Plantar fasciitis. Most describe the pain as a stabbing sensation in the heel of the foot. Sometimes that pain radiates up through the arch of the foot and is typically described as being worse in the mornings.
Statistics from the American Academy of Orthopedic Surgeons are that In the United States alone, 2 million people are diagnosed with plantar fasciitis each year, and approximately 10% of the population will be diagnosed in their lifetimes. That means if you’ve never had it, you probably know someone who has.
Usually, patients between the ages of 40-60 experience plantar fasciitis most frequently; however, younger people who are active dancers, long-distance runners or gymnasts can also occasionally suffer with it, too.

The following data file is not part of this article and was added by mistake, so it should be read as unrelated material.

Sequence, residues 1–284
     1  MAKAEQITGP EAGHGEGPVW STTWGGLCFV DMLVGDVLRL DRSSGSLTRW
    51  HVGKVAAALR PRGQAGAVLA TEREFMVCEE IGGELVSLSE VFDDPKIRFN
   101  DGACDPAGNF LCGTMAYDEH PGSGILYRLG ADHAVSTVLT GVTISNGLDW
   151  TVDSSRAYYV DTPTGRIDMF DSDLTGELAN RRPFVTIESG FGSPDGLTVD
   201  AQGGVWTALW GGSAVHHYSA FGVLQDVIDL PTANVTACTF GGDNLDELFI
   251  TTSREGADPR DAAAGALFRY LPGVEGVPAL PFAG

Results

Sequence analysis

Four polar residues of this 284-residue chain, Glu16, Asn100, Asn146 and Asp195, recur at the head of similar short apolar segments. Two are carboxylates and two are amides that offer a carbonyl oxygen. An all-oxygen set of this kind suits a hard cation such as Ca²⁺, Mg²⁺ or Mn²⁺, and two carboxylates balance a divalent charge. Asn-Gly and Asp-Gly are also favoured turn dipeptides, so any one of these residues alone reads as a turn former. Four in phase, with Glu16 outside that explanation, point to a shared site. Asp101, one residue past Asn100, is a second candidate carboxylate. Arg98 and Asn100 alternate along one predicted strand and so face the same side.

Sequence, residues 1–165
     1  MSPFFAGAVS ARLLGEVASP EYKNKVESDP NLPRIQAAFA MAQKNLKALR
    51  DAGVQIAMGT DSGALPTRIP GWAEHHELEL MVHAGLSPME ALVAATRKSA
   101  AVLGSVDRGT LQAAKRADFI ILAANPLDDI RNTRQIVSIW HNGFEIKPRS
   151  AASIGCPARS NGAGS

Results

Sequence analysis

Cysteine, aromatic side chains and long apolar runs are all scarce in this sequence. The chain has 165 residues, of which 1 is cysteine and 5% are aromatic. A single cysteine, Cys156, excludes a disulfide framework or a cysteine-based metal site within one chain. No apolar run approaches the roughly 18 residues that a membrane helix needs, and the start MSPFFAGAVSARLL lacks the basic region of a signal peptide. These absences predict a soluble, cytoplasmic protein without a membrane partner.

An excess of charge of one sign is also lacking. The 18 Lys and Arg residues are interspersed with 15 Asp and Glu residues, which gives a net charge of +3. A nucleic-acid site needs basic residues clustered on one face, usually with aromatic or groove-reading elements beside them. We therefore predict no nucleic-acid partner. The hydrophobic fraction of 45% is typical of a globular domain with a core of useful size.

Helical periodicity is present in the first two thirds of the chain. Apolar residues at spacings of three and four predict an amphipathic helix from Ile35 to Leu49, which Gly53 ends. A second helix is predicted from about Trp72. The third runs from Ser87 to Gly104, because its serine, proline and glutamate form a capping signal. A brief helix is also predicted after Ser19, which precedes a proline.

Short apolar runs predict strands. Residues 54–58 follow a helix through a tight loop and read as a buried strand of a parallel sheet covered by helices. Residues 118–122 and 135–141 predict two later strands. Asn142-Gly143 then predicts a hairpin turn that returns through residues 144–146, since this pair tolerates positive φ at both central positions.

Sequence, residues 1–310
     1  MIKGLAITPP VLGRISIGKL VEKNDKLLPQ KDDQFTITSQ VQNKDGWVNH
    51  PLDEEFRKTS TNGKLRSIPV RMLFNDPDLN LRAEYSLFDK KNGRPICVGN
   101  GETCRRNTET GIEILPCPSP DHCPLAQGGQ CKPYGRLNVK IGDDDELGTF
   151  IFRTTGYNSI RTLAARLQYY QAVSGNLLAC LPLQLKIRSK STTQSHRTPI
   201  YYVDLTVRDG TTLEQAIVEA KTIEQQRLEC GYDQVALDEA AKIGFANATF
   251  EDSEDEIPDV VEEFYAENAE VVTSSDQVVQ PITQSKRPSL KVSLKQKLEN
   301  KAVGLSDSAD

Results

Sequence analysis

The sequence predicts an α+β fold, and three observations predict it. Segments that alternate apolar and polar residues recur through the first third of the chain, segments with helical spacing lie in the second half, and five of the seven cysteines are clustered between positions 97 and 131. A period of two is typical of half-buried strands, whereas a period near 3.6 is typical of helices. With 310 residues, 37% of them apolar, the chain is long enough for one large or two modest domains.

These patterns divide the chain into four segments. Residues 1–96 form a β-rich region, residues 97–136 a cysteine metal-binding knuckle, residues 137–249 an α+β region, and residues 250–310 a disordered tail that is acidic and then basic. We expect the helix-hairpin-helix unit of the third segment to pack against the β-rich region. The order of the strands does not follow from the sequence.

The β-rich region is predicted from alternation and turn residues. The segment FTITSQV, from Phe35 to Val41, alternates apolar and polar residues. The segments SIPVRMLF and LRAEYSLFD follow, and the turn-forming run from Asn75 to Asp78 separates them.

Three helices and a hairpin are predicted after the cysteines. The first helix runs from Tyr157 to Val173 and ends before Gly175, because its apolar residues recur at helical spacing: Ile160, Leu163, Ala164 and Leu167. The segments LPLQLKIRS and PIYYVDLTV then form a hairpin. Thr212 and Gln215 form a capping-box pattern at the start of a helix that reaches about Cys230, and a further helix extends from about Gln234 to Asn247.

The bad news is that the plantar fascia muscle, a thick fibrous band that runs along the bottom of the foot connecting the heel bone to the toes, is a must have. There’s no “cutting it out.”
The reason plantar fasciitis hurts so badly is that it is the inflammation of that thick plantar fascia muscle band. Everyone knows inflammation – of any kind – can be very painful.